During the pandemic and severe economic downturn with massive job losses, there has been a great deal of bad and disturbing news. A little bit of good news in that mix is the recent finding that global wind power and solar power electricity generation doubled in the last five years, according to a new report from EMBER. As wind power and solar power grow, it is possible for nations around the world to reduce their over-reliance on fossil fuels and nuclear power. Dave Jones, a Senior Electricity Analyst with EMBER, answered some questions for CleanTechnica about this trend and related topics.
In the first half of 2020, wind power and solar power generated almost 10% of global electricity, according to your report. Would you expect the same to be true for the second half of this year as well?
Roughly, yes. The COVID impact of lower electricity demand and lower fossil generation was not what drove wind and solar’s market share up to a tenth of global electricity supply in 2020 so far, rather it was the continual new-build of new wind and solar. Sure, fossil generation is picking up a little as electricity demand increases post-COVID, but this translates very little into wind and solar market share.
Do you have an estimate of what this figure might be in 2021?
We expect in 2021 that wind and solar will generate more electricity than all of the world’s nuclear power plants. Nuclear power generated 10.5% of global electricity in the first half of this year, compared to 9.8% for wind and solar, and we think there is enough new wind and solar installations being built that they will overtake nuclear for the first time ever.
Isn’t this fact that solar and wind are growing significantly rather uplifting or impressive, in that as a species we are gradually transitioning from fossil fuels and all their pollution and climate change problems to clean, renewable energy that doesn’t have them?
Yes, it’s very uplifting that both wind and solar are now so mainstream, generating so much electricity in so many countries. The sad fact is though, that this is not enough to come close to keeping the planet to 1.5 degrees of climate change. Coal generation needs to collapse in just the next 10 years even for most energy scenarios for 2 degrees. Although wind and solar are eating coal’s market share, this isn’t happening fast enough.
According to your report, did global wind power and solar power electricity generation double in the last five years? What is driving this growth and where is most of it taking place?
It’s very heartening that so many countries are on the same transition at the same time. Wind and solar doubled from 5% to 10% of electricity on average across the world, and this was reflected in many key countries: Japan was 4% to 10%, China was also 4% to 10%, Brazil again was 4% to 10%, US was 6% to 12%, and Turkey was 5% to 13%.
Are wind power and solar power essentially replacing electricity generation from coal?
The best news is that wind and solar is eating coal’s market share. Coal has been around 38% market share of global electricity production for around half a century, but since 2015, as wind and solar’s share rose from 5% to 10%, coal’s share fell from 38% to 33% – an unprecedented rapid fall, by historical standards. And we’ve seen wind and solar replace coal’s share in so many key countries: China, Europe, the US, India, Japan and Australia.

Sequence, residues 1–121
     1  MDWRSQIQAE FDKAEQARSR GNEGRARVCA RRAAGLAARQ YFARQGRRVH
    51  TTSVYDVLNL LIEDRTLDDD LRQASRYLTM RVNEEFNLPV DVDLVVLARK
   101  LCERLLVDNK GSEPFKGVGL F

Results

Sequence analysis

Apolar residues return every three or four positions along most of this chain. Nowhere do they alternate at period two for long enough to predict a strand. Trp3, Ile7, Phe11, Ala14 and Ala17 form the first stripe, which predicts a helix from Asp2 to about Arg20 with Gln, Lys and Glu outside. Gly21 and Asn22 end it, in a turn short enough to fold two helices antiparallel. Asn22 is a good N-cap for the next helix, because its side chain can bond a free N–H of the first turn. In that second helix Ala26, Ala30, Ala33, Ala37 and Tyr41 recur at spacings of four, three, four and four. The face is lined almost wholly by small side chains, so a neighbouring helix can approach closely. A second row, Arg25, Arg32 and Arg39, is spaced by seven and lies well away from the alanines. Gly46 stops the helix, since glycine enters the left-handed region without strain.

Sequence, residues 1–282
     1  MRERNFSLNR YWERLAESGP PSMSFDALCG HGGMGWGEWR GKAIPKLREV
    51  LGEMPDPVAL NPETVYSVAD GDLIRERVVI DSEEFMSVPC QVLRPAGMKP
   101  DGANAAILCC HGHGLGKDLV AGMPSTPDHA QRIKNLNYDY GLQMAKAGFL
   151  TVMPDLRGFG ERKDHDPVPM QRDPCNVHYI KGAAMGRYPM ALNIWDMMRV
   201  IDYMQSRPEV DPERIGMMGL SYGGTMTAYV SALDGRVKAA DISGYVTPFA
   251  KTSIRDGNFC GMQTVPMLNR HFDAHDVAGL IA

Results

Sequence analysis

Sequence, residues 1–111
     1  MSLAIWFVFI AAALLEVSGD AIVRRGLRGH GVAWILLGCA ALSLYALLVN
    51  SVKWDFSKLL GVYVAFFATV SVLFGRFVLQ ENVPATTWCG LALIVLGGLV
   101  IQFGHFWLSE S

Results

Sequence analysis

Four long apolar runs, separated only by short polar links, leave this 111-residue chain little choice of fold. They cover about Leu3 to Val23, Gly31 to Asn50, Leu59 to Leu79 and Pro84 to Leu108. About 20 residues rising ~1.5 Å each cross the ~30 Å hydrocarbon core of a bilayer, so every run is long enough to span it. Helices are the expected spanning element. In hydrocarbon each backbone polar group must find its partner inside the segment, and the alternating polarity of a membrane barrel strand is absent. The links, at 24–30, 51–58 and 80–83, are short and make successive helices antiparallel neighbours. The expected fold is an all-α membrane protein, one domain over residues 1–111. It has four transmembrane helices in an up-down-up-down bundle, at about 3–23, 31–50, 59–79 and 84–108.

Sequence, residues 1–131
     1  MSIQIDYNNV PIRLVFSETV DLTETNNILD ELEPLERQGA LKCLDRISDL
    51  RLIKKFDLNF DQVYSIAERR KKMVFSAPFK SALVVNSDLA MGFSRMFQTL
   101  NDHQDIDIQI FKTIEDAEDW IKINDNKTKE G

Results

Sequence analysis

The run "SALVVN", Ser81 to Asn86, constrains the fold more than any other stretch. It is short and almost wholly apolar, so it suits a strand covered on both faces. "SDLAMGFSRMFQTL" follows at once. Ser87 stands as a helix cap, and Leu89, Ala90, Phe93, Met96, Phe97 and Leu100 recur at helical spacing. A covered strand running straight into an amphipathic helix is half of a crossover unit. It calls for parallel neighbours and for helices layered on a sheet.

The US generated 12% of its electricity from wind and solar in the first half of 2020, but the UK was at 33% and Germany achieved 42%. The US typically is a technology leader and yet is behind with solar and wind power — why is this?
The US is so far behind because the public, policy-makers, and companies do not care about climate change as much as Europe does. It’s also been distracted by fossil gas, building over 100 GW of new gas power plants in the last decade to fuel its shale gas habit. Europe is leading the world on wind and solar deployment, which is providing valuable solutions on how to integrate a higher and higher proportion of wind and solar into the electricity mix. So the US is exciting because now that the economics of wind and solar are so compelling, and with the learnings from Europe to integrate huge amounts of wind and solar quickly into the electricity mix, that change could happen very quickly, if they really wanted to.
Do you think as the pandemic fades and national economies revive, new solar and wind power installations will get back on track?
I hope so, but this is no guarantee. Europe will definitely be on track. But no other government is yet guaranteed to get on track for what we need to keep climate change to 1.5 or even 2 degrees. For example, China is still building coal plants, and even if Joe Biden gets in, will he be able to quickly pass his ambitious energy plan? The problem is even though wind and solar are cheap enough, they need clear political vision to fast-track all the hurdles for rapid roll-out — boring things like fast-track planning and grid access. And morally strong political vision today is lacking in so many countries right now.
Is Russia mostly ignoring solar power and wind power?
Well, climate isn’t exactly top of Russia’s agenda, and nor are free markets, so wind and solar aren’t getting their day yet. But Russia is really one of the few places in the world that has yet to run with wind and solar, so I’m not losing too much sleep on it.